The hypothesis was that “if vaccine effectiveness against a VOC is reduced, its proportion among breakthrough cases would be higher than in unvaccinated controls,” the authors wrote.
Analysis of 813 cases and controls revealed that the Beta variant was significantly more frequent among fully vaccinated than unvaccinated cases, while the Alpha variant was present at higher frequencies among individuals who had only received one vaccine dose – or only recently received their second dose – than among unvaccinated individuals.
“Our results show that there is an increased proportion of VOCs in vaccine breakthrough infections that occurs within two particular windows of time,” they wrote.
International health authorities are investigating a possible link between mRNA covid-19 vaccines and myocarditis or pericarditis, mainly in young men.
The European Medicines Agency and US Centers for Disease Control are investigating reports of a very small number of people who developed shortness of breath, a forceful heartbeat, and chest pain within days of receiving their second dose of either the Pfizer or Moderna vaccines.
The cases have mostly been in young men, and most cases have been mild and have resolved within a few days with rest and treatment.
Meanwhile, the European Medicines Agency has also advised that people with a history of capillary leak syndrome should not be vaccinated with the AstraZeneca covid vaccine, after six reports of the condition; three of which occurred in individuals with a history of the syndrome.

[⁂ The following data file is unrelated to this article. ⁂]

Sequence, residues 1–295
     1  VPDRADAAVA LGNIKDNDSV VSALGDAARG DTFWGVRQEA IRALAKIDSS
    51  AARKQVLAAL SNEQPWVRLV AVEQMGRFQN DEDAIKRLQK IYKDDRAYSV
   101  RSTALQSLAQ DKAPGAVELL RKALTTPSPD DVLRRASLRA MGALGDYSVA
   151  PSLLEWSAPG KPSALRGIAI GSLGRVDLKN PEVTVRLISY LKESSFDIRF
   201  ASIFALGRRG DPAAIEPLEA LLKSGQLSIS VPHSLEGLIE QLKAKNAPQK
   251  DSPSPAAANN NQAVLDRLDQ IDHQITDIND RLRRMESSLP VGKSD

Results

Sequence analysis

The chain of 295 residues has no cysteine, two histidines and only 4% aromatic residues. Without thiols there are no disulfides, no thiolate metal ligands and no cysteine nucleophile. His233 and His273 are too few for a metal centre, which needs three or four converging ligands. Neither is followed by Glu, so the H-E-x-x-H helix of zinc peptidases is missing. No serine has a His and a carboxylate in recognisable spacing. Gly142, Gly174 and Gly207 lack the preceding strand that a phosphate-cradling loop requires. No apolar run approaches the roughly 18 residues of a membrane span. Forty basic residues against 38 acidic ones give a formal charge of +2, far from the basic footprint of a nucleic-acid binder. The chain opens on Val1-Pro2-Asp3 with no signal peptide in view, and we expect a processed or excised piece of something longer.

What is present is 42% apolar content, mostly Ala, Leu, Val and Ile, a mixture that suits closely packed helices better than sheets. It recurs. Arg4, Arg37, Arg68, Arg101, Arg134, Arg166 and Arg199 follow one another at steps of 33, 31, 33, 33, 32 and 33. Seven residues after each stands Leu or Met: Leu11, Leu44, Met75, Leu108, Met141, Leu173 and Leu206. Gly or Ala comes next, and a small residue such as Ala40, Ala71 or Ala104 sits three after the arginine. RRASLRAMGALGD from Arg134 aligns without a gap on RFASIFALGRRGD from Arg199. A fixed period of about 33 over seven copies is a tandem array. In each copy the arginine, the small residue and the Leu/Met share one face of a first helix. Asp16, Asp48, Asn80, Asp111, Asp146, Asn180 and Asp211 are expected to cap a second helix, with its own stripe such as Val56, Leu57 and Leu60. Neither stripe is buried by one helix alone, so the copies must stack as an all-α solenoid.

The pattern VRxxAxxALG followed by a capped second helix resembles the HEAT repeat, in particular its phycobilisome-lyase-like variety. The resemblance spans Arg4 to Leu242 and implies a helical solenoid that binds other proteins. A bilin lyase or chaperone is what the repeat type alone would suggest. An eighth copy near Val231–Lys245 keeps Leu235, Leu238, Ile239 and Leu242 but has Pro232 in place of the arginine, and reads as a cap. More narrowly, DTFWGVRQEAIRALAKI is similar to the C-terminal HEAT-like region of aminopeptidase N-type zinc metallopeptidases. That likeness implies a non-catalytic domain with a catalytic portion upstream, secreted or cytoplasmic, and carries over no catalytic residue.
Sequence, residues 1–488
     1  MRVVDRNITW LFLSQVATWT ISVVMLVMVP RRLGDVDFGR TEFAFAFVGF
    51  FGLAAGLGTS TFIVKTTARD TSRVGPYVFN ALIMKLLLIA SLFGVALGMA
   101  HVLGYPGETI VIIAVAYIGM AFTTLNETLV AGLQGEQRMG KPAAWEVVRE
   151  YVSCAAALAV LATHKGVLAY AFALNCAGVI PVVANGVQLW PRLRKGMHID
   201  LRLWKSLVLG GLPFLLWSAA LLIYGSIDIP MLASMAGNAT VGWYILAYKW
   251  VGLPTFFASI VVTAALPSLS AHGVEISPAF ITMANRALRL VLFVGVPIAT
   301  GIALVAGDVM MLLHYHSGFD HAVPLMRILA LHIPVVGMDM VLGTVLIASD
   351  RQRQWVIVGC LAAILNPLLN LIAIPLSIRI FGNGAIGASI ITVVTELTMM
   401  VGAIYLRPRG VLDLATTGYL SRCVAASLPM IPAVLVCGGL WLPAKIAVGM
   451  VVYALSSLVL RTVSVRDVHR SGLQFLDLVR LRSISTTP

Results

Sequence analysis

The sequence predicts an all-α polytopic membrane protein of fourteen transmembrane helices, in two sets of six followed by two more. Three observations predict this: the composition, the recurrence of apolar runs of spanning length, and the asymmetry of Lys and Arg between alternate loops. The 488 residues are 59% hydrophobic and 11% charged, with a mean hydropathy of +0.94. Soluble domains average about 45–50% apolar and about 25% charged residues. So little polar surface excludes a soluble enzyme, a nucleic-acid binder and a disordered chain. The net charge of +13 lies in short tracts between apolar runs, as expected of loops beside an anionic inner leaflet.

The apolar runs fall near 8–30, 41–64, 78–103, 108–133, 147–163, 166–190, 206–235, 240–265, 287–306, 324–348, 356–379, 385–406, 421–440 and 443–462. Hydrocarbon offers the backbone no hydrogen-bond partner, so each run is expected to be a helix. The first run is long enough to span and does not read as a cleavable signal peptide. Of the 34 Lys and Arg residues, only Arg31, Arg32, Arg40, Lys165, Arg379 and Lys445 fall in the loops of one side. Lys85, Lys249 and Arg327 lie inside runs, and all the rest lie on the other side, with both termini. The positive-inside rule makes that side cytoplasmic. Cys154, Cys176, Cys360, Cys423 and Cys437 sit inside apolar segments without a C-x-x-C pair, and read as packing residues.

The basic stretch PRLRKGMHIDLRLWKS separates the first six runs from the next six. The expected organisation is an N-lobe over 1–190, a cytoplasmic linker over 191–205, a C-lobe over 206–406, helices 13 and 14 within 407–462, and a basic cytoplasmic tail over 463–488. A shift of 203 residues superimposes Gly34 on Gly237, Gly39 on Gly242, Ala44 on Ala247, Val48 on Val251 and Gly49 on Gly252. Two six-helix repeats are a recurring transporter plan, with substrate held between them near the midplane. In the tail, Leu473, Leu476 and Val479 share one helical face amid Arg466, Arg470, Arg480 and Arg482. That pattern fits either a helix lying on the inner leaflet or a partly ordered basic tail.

The rare condition results from fluid leakage from capillaries and presents with swelling of arms and legs, low blood pressure, thickening of the blood and low blood albumin levels.
An editorial in JAMA has argued for compulsory covid-19 vaccination of healthcare workers as a condition of employment.
Epidemiologist Dr Thomas Talbot, from Vanderbilt University in Nashville in the US, made the case that mandatory influenza vaccination programs among healthcare workers have been associated with high vaccination rates, decreases in absenteeism, and a decrease in healthcare-associated influenza among patients.
He noted that uptake of SARS-CoV-2 vaccination among healthcare workers has been higher than in the general public, but still hovers around 50% in the United States, as of March this year.
Talbot also commented that even healthcare workers not in frontline positions had contact with other healthcare workers who were working with patients, many of whom would be vulnerable to serious outcomes from infection.
“HCP should not inadvertently spread contagious infections like measles and influenza to their patients and other HCP,” he wrote. “The time is coming to add covid-19 to that list.”
Australia’s biosecurity emergency protocols have been extended a further three months to 17 September because the international covid-19 situation continues to pose an “unacceptable” risk to public health.
The announcement means restrictions on cruise vessels and outbound international travel, mandatory pre-departure covid testing and mask-wearing on international flights, and restrictions on retail trade at international airports will remain in place.
Here are the latest covid-19 infection numbers from around Australia to 9pm Monday:
National – 30,262 with 910 deaths
ACT – 124 (0)
NSW – 5619 (6)
NT – 175 (0)
QLD – 1652 (2)
SA – 775 (0)
TAS – 234 (0)
VIC – 20,665 (6)
WA – 1018 (0)